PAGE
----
Eric DeBoer DeBoer itibaren Luricocha District, Peru
Bunu Alacakaranlık kadar sevmedim çünkü Edward kendisini burada uzun süre Bella'dan uzaklaşmaya zorluyor. Jacob'la dikkatini dağıtmadan Jacob ile yakın arkadaşlığını geliştirebilir, ancak Edward'ın burada Bella'ya kasıtlı olarak acımasız olduğunu düşündüm.
Geçen yaz Jeff ile Dinky Creek'te kamp yaparken bu kitabı okudum. Doğayı takdir etmek için kendimi sayfalarından ayıramıyordum. Bir diğer St. Mary'nin MFA alıcısı tarafından yazılmıştır, ancak olmasa bile yine de aynı miktarda sevecektim. Çok komik. Bar mitzvah teşekkür notlarının edebi bir cihaz olarak kullanılması, tüm mükemmel şeyin en sevdiğim parçasıdır.
Elie Wiesel’s autobiographical account of his experiences in the Nazi concentration camps during World War II. When Wiesel’s friend and mentor, Moishe the Beadle, was loaded into a cattle car with other foreign Jews in Hungary, the local citizenry said that it was the natural result of war, giving the event little importance. When Moishe returned, having escaped the Nazis, telling stories of terror – children being used for target practice, Jews being forced to dig their own graves – he was dismissed as a lunatic. Wiesel’s family had the means to flee for safety, but not the ability to see the necessity. The story that follows is tragic and gruesome. I would also like to say it is unparalleled, but we’ll get to that in a moment. Fifteen-year-old Wiesel and his family remained in Hungary and as any student of history would guess they ended up being shipped off to the concentration camps in Germany. The story follows him on the cattle cars of trains, open to the winter weather, through marches in the snow, to Auschwitz and then to Buchenwald. As they arrive at the camps, one can almost hear the current residents asking for news. How’s the war going? Is help coming? Has anyone out there heard of Auschwitz? Of Buchenwald? If you’re hoping for some higher purpose, or inspirational meaning you won’t find it here. Wiesel tells this story with absolute brutal honesty, including his own descent into depravity. The horrors of the concentration camp drive away his faith in God. He finds his hunger and will to survive is in conflict with his obligation to preserve and protect his own father. He speaks candidly of his shame that he might feel relief from this obligation should his father succumb and pass away. In his role as a writer, telling his difficult story, Wiesel sees himself as a spokesperson for his people, working to tell the story of what happened to the Jews in Germany. He expresses concern in the introduction about whether he is able to find the right words. It would be difficult to argue that he fails - the narrative is poignant and horrifying in its candor and brevity. One need only look to the more recent events in Yugoslavia, Rwanda, and Darfur to know that his message is still relevant, and not a mere history. Hopefully as people hear such things, they do not disregard what they hear as Moishe was disregarded in Weisel's boyhood town, losing their opportunity to take action. Note: This review is not specific to this edition. I read this story out of this book: The Night Trilogy: Night, Dawn, Day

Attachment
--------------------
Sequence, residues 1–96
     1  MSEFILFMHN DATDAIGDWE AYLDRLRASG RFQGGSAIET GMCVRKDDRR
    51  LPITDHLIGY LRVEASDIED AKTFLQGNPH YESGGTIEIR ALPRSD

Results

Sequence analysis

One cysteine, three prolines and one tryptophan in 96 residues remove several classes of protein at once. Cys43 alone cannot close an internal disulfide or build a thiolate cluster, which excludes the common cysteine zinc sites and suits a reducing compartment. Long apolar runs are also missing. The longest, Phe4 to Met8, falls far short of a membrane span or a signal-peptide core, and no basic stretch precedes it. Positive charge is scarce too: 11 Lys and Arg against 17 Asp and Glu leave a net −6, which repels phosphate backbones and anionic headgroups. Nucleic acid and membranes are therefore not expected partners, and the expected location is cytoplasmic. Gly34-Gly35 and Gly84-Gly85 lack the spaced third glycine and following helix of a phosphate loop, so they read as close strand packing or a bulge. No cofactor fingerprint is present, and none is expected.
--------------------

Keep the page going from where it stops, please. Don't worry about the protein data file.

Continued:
The first book is midway between Artemis Fowl (where there is super duper magic technology and everything is tongue and cheek) and Harry Potter (no technology all magic, and a more serious tone). This book is darker, not as much humor, but it moves quickly. I liked it, but not as well as the first. And of course being the middle book of a trilogy it doesn't stand alone very well.